I've noticed many questions on Facebook lately about class libraries. Teachers are curious about how others set them up and what technology is available to track books. To help answer some of those questions, I thought I'd share how I set up my class library.
The first question is usually "how do you organize your books?" There are many options, alphabetically by author or title, by genre, by reading level, by theme, the list can go on. In the past I had my books sorted by genre, but students often complained (and wasted a lot of time looking) that they could not find books on their reading level. Our school requires that students must pick books in their zpd (zone of proximal development). My personal thoughts on this are for another blog, but agree or disagree with the philosophy, the fact of the matter is my students wanted a quick way to find books on their level. So, this has led me to reorganizing my library by reading level.
The next question I usually get is "how do you keep it organized. As you can see from the picture above, I have chosen to keep my books in buckets. There are many places to get buckets, but I got mine from Dollar Tree for a $1.00 a piece. This will be my fourth year using them and they have held up well. If you're interested in the ones I have, here's the link (note: if you buy them online, you have to buy them in a bundle of 36. But 36 buckets for $36.00 isn't too bad, because you know teachers, we love our buckets.). Once I have the books organized into buckets each bucket is labeled showing what it contains and a corresponding label is put on each book that goes in that bucket. There are many classroom library labels that you can find on TeacherspayTeachers. These are the ones I used.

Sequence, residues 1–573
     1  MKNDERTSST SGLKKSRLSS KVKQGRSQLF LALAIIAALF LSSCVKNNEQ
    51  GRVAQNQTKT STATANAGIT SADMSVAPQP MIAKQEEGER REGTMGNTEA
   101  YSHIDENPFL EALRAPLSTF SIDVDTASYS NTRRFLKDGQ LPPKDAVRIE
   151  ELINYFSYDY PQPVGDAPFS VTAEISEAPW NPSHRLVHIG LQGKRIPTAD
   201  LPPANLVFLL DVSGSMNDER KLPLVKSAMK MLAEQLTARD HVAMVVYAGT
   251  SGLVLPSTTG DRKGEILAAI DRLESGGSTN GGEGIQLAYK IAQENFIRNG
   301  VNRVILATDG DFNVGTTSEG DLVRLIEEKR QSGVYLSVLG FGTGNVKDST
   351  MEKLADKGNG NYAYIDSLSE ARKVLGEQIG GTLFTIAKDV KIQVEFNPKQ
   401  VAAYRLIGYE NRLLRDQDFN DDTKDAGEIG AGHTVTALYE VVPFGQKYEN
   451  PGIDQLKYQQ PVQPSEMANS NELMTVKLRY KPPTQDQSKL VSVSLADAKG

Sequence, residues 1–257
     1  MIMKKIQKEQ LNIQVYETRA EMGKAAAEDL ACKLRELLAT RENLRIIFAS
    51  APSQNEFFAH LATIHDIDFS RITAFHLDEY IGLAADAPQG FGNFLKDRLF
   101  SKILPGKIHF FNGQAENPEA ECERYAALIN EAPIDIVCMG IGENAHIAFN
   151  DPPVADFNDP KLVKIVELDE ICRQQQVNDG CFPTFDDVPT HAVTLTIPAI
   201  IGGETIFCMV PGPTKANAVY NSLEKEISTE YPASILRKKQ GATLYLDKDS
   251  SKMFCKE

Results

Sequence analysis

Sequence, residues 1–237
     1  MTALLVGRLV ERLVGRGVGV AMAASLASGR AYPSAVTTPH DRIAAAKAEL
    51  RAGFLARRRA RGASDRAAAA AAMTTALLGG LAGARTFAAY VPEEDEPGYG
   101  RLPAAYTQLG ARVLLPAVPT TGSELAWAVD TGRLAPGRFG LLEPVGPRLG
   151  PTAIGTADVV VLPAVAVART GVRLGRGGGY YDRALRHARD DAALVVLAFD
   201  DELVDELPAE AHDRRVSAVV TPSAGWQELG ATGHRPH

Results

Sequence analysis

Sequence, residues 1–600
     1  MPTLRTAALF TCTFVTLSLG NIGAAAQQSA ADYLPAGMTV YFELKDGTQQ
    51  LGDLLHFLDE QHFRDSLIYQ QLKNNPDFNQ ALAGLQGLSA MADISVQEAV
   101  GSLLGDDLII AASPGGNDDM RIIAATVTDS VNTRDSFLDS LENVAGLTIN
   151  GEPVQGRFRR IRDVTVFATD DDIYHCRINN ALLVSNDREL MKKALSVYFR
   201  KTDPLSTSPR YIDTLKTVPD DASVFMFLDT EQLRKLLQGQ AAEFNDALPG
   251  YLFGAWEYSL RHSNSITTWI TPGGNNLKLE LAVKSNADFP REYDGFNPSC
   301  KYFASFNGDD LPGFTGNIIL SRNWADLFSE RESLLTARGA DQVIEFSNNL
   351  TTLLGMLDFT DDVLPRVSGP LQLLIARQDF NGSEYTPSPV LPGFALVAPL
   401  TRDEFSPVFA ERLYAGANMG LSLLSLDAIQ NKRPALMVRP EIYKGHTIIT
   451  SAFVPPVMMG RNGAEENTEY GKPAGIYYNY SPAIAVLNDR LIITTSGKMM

Another question I've been asked is "where do I write the reading level of the book?" My school uses Accelerated Reader (AR) and as mentioned above, students have to chose books in their reading level, or zpd. For me, I found it easiest to have this information right on the front of the book so the students could easily locate the information. I also include how many AR points they can receive if they pass the AR test after reading the book. Additionally, if the the title is common or difficult to look up, I sometimes include the AR quiz number. If you are wondering where to find this information, go to arbookfind.com and type in the title of the book. If the title doesn't come up, that means AR doesn't have a quiz for that book.
The last thing I want to share is how I keep track of all my books. I use a web application called Book Source Classroom Organizer. The web application also works in conjunction with their phone app. You can download it for your iPhone or Android phone.
The app allowed me to enter in all the books in my library by scanning the barcode of each book. My purpose for doing so is to have a way to keep track of my books and have a way to easily and quickly check them out to my students.